Panchaskhanda in politics


Today is the election day that everyone has been waiting for. The election materials and opinions opposite to one’s view may have caused agitations to some, and I wonder how the Buddhist thought can be helpful to calm them down? I think politics can also be described in the concept of panchaskhanda (the five aggregates): the five bundle of things that manifest an individual. They are nothing but psychological bundles that we think who we are, and our political desires. Without a good understanding of the five aggregates we cannot comprehend the conditional existence on the politics of the day.

The first aggregate (rupaskandha) is form or matter that also covers external things, for example the group of presidential hopefuls. When sensing the person of interest, creates feeling (veddanaskandha) that can be either pleasant or dispersant. With sensation, we recognise him through perception (sannaskandha). Triggered by what he said and done, and through thoughts, opinions, prejudices, etc, mental formations (sankharaskandha) appear to be born. This creates consciousness (vinnanskandha) to grasp the favourite by desire (ironically ‘chanda’ in Pali is desire).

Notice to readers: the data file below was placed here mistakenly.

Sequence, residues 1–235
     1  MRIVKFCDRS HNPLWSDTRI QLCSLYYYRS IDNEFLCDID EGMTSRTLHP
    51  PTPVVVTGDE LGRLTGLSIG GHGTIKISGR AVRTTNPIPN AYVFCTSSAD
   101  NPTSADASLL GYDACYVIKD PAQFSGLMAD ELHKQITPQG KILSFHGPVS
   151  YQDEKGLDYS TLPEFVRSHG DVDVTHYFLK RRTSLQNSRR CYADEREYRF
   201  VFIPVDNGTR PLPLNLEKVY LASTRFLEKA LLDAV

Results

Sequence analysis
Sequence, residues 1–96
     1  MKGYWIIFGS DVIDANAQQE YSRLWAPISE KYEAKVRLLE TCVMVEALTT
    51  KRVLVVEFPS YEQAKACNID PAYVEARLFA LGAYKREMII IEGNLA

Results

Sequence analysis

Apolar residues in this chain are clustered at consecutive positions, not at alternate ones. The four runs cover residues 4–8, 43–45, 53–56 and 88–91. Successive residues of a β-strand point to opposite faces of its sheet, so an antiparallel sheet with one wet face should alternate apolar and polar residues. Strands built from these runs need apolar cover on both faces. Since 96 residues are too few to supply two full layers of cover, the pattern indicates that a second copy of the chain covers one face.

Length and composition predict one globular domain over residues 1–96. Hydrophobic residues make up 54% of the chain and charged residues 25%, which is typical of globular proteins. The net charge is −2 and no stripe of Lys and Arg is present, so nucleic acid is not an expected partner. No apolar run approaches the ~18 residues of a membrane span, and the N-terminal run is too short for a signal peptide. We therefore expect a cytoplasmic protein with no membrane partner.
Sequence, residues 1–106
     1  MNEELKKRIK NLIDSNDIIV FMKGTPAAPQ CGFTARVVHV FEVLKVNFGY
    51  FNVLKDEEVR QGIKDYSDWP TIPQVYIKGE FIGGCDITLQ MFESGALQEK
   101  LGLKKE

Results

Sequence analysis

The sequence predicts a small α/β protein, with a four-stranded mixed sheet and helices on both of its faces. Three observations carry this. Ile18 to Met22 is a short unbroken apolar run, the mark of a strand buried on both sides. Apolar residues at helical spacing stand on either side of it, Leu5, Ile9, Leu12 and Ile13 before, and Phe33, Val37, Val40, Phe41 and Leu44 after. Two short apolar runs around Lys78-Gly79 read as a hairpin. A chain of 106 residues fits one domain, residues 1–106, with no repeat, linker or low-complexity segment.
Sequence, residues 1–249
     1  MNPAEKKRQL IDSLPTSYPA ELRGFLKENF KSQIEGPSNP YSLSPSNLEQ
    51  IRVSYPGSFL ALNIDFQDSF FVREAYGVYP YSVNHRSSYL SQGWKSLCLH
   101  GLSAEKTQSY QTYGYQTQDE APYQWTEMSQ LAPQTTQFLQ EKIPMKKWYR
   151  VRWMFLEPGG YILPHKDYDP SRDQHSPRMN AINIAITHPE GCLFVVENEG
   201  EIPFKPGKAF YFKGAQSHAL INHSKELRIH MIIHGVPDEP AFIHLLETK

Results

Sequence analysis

It goes without saying that aggregates are subject to clinging. The Buddha taught us how to calm them down by disregarding any aggregate that belongs to us (Upadaparitassana Sutta). Only through mindfulness one could see how our politics and anxieties live through the panchaskhanda process arising and ceasing with clinging. Politics is another conditioned phenomenon that needs to be pacified. If we could roll all our political panchaskhanda into the ballot paper and push it down to the Election Commissioner’s cardboard box, we will all win today.



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